In my second trimester, Christopher’s step mother, who had lived several years past her prognosis with stage four cancer, approached the death threshold. Once again, we left for New York. While there, in Rhinebeck’s Sunflower Natural Foods store, I felt the small, butterfly flutters of life in my belly. One of my favorite smells in the world is the smell of small health food stores, and those of you who have been pregnant know what a respite it is when something smells good!
A few days later, Liz would be gone. A day or so after she died, my belly popped out – and all of a sudden I looked pregnant. What strange, long hot summer days these were. Liz glowed like an angel before she died. She was able to die in her home, surrounded by her loved ones. The day before she died we had a party. Many people came to be with her. She sat in the bright hot sunshine in front of a fire, taking a few slow bites of locally grown strawberries, full of love. Liz had a very special, rare way of appreciating all the small blessings of life – good food, beautiful art (or art she found in the dumpster and repurposed), good friends. Our sadness was still, all encompassing.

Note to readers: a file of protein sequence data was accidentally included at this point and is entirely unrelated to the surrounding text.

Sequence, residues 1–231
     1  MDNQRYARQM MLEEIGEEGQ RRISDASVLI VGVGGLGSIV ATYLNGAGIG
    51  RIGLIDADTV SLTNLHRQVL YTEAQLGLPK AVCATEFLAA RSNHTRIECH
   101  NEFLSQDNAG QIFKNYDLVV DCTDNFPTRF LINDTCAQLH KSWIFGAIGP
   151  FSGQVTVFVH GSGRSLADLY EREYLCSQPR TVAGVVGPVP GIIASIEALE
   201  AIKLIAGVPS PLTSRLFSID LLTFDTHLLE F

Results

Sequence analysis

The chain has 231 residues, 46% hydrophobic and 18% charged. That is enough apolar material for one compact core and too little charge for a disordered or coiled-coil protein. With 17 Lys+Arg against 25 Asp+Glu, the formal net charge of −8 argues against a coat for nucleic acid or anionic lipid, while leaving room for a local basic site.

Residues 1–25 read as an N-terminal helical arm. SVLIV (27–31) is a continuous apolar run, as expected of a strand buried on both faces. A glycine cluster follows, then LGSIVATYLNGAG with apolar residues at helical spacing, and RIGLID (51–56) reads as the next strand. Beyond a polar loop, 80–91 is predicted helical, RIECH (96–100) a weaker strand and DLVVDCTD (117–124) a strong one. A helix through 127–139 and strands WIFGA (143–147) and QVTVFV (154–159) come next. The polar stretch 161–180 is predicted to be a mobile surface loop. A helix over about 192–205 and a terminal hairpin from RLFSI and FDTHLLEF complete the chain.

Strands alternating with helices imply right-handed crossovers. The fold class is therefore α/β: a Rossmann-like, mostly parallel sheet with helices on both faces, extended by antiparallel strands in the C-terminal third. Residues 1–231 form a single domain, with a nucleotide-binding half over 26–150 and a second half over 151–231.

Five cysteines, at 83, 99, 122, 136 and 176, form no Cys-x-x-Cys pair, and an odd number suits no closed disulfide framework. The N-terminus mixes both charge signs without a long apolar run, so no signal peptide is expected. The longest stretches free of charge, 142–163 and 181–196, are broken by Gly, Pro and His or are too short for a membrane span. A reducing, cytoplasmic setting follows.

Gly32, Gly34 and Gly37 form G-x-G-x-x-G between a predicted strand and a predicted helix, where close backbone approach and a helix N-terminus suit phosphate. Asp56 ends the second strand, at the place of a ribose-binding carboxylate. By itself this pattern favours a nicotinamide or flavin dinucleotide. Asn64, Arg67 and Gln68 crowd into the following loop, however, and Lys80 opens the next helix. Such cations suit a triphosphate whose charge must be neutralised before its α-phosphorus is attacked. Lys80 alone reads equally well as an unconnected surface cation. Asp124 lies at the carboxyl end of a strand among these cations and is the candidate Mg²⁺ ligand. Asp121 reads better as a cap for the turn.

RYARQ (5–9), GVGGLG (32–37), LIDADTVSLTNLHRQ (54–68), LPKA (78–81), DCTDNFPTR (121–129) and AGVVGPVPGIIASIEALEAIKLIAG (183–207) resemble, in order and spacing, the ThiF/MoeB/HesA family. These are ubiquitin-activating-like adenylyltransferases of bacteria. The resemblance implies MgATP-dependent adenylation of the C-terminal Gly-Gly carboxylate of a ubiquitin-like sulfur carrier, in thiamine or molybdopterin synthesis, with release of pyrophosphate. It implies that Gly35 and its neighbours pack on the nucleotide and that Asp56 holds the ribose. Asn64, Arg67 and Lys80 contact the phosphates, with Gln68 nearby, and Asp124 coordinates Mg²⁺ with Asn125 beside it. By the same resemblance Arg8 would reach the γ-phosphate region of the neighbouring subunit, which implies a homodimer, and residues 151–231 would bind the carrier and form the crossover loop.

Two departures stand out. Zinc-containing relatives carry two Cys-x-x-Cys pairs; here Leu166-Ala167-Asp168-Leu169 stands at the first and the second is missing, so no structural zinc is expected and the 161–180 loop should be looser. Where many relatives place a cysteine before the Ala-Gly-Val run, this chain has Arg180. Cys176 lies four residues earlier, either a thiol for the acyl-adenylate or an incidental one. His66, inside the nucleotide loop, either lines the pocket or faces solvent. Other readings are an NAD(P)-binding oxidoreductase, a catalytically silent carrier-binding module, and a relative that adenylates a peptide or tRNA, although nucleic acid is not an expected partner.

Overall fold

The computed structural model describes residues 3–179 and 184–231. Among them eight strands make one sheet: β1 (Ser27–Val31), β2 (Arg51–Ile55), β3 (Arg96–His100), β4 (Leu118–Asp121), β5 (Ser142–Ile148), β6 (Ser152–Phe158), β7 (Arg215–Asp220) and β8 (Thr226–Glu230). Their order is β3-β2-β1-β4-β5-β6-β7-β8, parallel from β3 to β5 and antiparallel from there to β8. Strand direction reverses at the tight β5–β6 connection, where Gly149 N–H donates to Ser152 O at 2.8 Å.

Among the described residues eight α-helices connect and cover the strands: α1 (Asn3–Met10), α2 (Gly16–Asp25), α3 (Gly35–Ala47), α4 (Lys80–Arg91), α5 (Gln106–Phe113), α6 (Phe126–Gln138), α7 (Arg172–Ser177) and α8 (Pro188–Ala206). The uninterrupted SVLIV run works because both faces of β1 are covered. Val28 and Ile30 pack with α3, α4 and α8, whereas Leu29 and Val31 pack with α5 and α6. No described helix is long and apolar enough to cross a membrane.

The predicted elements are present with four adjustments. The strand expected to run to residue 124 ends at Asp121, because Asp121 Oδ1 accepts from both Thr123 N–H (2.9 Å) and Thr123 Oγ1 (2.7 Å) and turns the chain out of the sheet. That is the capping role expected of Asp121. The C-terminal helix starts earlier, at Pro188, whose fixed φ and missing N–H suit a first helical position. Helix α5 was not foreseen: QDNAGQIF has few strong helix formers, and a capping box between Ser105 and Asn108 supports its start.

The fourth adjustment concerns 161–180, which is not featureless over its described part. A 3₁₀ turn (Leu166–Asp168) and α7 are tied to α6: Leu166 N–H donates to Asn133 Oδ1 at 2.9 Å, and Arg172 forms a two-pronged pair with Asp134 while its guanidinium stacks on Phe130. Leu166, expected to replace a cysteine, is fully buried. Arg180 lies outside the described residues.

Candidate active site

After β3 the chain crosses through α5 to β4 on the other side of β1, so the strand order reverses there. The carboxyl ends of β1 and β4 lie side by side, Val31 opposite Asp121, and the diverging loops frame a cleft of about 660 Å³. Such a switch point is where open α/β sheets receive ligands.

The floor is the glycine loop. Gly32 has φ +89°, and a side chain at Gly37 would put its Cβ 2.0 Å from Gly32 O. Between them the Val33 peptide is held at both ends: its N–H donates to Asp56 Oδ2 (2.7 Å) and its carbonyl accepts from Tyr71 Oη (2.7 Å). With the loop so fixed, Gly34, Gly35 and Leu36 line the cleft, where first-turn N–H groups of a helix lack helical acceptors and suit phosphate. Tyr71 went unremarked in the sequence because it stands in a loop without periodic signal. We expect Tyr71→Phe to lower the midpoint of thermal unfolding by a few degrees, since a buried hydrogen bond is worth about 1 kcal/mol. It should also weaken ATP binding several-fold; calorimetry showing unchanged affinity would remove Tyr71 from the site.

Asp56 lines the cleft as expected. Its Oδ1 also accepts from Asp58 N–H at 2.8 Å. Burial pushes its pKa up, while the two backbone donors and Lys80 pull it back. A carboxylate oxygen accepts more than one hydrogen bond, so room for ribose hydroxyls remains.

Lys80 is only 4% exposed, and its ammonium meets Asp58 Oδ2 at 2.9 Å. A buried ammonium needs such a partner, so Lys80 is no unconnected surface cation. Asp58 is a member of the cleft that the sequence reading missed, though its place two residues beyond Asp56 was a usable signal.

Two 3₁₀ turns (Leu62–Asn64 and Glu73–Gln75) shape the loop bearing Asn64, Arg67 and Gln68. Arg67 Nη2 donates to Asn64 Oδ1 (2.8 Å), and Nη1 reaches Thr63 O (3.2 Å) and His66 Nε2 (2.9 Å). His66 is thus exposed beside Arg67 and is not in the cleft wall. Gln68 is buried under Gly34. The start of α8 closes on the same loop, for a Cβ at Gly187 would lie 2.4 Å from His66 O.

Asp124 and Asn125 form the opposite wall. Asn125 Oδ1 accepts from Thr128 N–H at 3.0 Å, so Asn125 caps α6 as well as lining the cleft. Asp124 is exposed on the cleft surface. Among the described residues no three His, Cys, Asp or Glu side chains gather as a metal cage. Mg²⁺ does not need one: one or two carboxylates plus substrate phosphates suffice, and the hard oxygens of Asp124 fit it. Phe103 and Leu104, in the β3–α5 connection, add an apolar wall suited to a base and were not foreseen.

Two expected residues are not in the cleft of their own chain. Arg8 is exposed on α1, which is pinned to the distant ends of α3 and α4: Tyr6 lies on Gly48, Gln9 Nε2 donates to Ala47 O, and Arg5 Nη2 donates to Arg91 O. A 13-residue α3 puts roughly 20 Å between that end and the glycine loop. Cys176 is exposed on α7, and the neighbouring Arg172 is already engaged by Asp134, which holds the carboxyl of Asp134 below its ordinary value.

Christopher and I both talked to this growing life in my belly every day about what was happening. We told our baby that all of this sadness wasn’t about her. We told her exactly what was happening. We told her about our sadness, about our joy, and the blessing that she is.
The reactions I received in sharing my pregnancy experiences with others was sometimes challenging. Glazed over looks, quickly changing the topic, or comments like “Oh well you’ll have the joy of your lifetime soon!” without any space for sadness, for curiosity, for acknowledging this profound ocean of grief that felt and sometimes still feels engulfing and isolating in our lives. This tendency to push away what is difficult to be with, confusing to hear, is a spiritual epidemic in our Western world that is so dysfunctionally obsessed with youth while avoiding grief at all costs. There is so much to grieve in the world that it often feels like, if I open these doors to grieve, will I ever come out? Will I drown? And yet, I have found, that when grief is accepted, it also makes more space for authentic joy. Some days we still drown, and that’s ok, too. Life can simply what it is if we let it, without excessive energy going towards pushing away what is, towards repressing and depressing emotion. Here is what I longed to hear: “Wow, tell me more about that experience for you. How have you been coping with that? What has that been like for you? What do you need? What can I do to support you?”